Profiles in Resilience


Eric Sun

By Greg Doyle, One Summit, Manager of Communications & Development

By Greg Doyle, One Summit, Manager of Communications & Development

Nervous. Nauseous. Tired. These were the three words Eric Sun used to describe how he felt the morning of Climb for Courage, Boston in November 2014.

Eric had good reason to feel this way. At 12-years-old, he found himself in an unfair fight with Non-Hodgkin’s Lymphoma – a type of cancer seldom found in children that brutally attacks the body’s immune system.

He was also skeptical about what the climb could offer “a grumpy, overweight middle schooler going through chemotherapy.” He admits that, at the time, he thought One Summit’s emphasis on resilience was “shallow.”

I recently had the chance to ask Eric, now 17-years-old, whether his perspective has changed since then. What does he think about the word today?

“It wasn’t until this year during a week in March when I understood the meaning of resilience. All of my extracurricular commitments had piled up, I was buried in schoolwork, and was staying up past 2 AM the entire week supporting my friend – all the while preparing for two academic competitions. That was when resilience clicked. The word resilience was chosen correctly. It conveys hardship. It conveys bravery. It conveys determination.”

For those who know Eric – including our Founder, Adam, our Executive Director, Dianne, Eric’s mentor, Will, and myself – the driving force behind his shift in perspective is rather easy to pinpoint:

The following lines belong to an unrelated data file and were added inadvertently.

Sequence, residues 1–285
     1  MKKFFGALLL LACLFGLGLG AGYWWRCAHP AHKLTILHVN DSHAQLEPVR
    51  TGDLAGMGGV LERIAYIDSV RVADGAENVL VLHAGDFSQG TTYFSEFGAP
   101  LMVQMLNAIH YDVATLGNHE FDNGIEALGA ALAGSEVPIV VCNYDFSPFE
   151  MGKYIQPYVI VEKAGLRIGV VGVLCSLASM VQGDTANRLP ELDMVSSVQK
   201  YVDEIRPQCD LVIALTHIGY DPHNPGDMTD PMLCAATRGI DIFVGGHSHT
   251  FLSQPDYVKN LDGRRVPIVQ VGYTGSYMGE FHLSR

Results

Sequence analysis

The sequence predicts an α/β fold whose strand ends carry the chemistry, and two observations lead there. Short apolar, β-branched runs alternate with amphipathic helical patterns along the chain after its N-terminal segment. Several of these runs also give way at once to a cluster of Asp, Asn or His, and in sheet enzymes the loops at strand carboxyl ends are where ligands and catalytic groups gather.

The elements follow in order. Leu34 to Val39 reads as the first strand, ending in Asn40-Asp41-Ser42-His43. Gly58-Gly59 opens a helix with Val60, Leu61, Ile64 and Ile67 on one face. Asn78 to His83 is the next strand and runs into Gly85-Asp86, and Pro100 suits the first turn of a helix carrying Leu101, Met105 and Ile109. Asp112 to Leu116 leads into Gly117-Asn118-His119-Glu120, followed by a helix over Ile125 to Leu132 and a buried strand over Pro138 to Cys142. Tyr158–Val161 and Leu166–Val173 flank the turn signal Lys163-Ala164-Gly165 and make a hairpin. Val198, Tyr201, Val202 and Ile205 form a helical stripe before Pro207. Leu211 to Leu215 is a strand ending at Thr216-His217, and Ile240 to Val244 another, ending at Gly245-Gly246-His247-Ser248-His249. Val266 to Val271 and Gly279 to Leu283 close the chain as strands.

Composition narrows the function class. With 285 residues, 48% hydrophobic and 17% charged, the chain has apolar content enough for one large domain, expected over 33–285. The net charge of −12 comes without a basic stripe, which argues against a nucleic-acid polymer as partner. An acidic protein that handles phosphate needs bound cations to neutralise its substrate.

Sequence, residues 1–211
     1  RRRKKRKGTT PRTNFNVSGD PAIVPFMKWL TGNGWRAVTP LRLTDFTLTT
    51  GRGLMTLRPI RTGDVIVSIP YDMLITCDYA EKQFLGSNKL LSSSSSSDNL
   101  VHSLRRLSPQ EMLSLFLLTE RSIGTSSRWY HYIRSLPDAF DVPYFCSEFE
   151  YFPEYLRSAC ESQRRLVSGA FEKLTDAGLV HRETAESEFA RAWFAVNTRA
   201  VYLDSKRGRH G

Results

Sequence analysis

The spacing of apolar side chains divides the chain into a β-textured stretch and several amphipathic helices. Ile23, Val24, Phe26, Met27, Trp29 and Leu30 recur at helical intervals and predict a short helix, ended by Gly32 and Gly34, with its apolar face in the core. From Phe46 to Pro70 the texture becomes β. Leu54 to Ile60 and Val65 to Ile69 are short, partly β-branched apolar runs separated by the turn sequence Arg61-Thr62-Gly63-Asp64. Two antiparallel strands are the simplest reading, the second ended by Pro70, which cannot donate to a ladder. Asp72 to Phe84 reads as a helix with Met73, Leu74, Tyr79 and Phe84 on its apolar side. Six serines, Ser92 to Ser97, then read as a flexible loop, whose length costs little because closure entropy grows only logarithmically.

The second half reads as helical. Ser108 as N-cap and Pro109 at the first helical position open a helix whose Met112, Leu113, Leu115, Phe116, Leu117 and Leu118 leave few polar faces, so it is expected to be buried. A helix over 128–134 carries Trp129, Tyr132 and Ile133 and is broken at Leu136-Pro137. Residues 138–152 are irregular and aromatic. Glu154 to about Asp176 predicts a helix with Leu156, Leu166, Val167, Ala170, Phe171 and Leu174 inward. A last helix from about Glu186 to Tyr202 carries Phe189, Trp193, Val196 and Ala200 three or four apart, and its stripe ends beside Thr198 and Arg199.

In the five years since participating in Climb for Courage, Eric has undergone the very process required to build resilience in his own life.

Although easy to identify in hindsight, the reality is that nothing about this process is easy. When in the middle of it, it can feel like a never-ending, fatiguing, non-linear and at times, lonely mission. However, if provided the skills, training, and support, one can develop the mindset and momentum needed to reach the summit, arriving to find rewards that far outweigh the short-term suffering experienced along the way. Rewards like a strengthened sense of self, a new perspective and an overall enhanced meaning of life.

Eric is starting to realize these very rewards. But, what did his mission really entail?

1. Exposing himself to new, challenging experiences.

Although “nervous, nauseous and tired,” Eric forced himself to attend Climb for Courage, Boston in 2014. Having never rock-climbed nor had the chance to meet a Navy SEAL, it was an experience completely foreign to him. Or so he thought:

“As children, we’ve heard about the Navy SEALs, our country’s elite fighting force. They are the best-of-the-best, both physically and in character. I knew that I would never fully understand the endurance and mindset needed to endure SEAL training nor would I ever understand the stress of a combat zone. But there is still an interesting dynamic between a pediatric cancer patient or survivor and a Navy SEAL: each views the other as far braver and stronger than anything the other could ever hope to attain.”

Finding comfortability and courage in the face of the unknown inspired other endeavors, such as fencing, the USA Biology Olympiad and developing a research management platform that informs patients what personal information is collected on them.